This is where the principle of TRIAGE had to be applied.


  • Although the numbers admitted to the hospital were not large, a triage situation arose as twenty patients were admitted within a short space of time to a hospital ward with limited facilities and staff.
  • Triage is the process of sorting the wounded into categories of priority for treatment.
  • The underlying principle “is to do the best for most”
  • In this situation, being the most experienced officer on site I had to be the triage officer to take the decisions.

The experience that I had gathered at the Polonnaruwa hospital treating victims of war stood me in great stead once again. Experience certainly is a great teacher and, when combined with what has been learnt from books gives much confidence and is a great source of inspiration

Managing the injured

  • That was my task with the limited resources available to me. The surgical team consisted of the consultant surgeon and two Intern House officers. That was the challenge too and I had no hesitation in accepting it, indeed the way forward
  • The number of patients admitted amounted to twenty.
  • Being the senior doctor on site I had to take the triage decisions to be executed by my junior staff together with the nurses
  • As a small team, we visited each patient examining them to identify the seriously wounded.
  • There were two who were seriously injured – father and son who were in the Austin Cambridge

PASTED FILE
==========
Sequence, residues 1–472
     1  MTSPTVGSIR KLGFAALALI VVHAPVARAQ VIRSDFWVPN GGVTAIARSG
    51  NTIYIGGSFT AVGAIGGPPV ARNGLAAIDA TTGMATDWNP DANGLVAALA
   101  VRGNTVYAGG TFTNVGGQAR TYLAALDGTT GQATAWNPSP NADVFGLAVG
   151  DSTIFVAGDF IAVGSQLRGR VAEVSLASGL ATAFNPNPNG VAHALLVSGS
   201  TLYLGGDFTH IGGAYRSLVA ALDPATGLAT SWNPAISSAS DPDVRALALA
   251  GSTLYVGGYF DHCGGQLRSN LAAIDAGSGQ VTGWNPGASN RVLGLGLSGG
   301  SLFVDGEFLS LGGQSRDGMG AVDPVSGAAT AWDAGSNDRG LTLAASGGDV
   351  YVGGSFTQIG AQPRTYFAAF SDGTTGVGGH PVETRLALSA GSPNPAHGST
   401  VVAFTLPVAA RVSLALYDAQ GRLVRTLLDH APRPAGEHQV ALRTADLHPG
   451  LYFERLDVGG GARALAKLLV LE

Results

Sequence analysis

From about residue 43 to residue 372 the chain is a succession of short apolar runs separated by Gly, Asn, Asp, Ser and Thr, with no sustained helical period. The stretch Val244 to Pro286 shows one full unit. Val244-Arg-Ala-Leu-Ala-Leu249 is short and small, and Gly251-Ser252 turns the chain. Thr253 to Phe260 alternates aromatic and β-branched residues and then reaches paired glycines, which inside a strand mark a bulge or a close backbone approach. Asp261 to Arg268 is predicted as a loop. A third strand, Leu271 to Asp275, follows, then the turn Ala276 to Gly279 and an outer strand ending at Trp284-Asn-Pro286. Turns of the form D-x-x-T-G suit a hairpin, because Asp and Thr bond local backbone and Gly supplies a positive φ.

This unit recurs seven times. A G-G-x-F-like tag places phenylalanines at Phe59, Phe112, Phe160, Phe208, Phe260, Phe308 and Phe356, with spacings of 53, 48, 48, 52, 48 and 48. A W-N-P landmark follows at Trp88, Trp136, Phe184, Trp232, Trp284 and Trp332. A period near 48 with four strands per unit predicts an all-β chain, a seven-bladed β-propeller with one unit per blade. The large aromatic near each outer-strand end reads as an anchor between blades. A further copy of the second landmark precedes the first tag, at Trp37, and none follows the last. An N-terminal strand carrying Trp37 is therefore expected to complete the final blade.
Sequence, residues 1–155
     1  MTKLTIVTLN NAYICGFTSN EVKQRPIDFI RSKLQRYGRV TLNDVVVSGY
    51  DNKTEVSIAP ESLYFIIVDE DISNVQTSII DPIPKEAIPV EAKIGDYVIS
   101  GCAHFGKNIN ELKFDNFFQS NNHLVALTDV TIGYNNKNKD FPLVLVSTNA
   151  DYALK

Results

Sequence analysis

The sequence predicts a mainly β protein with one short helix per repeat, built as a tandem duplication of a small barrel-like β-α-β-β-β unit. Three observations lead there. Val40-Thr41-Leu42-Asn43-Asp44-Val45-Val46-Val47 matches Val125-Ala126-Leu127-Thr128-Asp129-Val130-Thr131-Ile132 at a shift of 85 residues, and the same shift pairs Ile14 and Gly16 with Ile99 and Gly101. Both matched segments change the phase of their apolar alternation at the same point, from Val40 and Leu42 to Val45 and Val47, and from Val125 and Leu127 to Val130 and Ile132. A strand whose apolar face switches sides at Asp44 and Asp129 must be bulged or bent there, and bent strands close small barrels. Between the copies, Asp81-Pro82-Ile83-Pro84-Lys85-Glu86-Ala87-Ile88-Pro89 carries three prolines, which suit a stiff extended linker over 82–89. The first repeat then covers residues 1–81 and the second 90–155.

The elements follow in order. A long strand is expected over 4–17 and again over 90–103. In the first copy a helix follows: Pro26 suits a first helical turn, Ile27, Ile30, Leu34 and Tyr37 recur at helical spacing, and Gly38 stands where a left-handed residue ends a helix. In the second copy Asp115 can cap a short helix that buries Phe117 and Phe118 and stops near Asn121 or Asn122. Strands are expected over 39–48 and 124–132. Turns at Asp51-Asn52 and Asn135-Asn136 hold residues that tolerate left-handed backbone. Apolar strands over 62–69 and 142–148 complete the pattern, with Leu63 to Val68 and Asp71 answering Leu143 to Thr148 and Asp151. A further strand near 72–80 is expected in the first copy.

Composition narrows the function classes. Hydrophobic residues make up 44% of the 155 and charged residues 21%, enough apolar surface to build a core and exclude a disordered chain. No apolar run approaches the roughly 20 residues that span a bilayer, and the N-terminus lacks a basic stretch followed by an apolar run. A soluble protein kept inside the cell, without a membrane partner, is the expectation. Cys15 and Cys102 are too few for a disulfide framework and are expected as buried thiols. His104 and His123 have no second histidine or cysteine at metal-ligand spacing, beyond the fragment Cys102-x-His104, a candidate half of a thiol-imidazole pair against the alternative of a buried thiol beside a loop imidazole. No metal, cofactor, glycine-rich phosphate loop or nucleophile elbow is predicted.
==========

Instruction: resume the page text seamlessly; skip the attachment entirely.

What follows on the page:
• Father “N” was unconscious while the son “C” was semiconscious. What was more serious was that he had a head injury – a fracture of the skull with a piece of wood penetrating through and most probably damaging the brain, but without any neurological signs.
  • There were no facilities for any special investigations.
  • The majority had shrapnel wounds that required surgery, but not as an urgent measure. We decided to manage all the patients at this hospital.

The Two Priorities

Father “N” – was suffering from a concussion and required observation. He recovered completely over a period of a few days.

Son “C’ – the injury was more serious – compound fracture of the skull with penetration of the skull by a piece of wood and most probably going into the brain and required urgent surgery.

Child’s dream and the motivation

“C” had his education at a leading school in Colombo. Later on, coming to know exactly what had happened to him and how his life was saved, he too wanted to become a doctor and work under me one day. Unfortunately, his dream of becoming a doctor could not be realized, but he has proceeded to graduate in Information technology and has progressed extremely well in that field. After witnessing a “medical miracle” “C”s sister who was four years then was determined to be a doctor and has achieved her objective with the support of her parents.